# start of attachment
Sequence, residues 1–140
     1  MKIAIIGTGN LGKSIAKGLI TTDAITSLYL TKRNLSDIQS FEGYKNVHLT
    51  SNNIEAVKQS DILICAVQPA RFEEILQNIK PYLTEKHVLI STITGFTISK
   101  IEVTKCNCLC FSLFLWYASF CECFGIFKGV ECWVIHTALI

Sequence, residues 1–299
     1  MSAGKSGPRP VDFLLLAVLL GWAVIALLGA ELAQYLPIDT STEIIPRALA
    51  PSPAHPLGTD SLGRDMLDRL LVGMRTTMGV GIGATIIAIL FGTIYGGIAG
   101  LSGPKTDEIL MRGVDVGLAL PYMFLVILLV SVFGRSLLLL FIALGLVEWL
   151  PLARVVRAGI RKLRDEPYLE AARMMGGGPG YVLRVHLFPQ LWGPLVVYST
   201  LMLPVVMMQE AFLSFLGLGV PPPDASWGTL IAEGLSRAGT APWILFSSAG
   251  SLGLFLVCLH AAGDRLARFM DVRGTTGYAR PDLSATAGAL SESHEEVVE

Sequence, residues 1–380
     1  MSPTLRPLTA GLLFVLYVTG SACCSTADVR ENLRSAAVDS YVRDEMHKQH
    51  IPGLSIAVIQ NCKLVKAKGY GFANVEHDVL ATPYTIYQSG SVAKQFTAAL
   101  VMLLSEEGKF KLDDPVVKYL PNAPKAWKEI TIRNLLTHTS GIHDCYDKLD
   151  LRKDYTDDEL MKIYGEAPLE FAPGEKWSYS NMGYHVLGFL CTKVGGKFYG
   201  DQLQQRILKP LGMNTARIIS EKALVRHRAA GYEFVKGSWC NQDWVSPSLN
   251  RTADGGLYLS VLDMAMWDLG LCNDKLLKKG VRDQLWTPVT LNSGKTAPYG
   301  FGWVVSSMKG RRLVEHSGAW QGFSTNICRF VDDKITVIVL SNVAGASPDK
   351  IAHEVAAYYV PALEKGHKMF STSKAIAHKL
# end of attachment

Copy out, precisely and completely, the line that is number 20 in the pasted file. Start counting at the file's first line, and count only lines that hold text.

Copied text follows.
   351  IAHEVAAYYV PALEKGHKMF STSKAIAHKL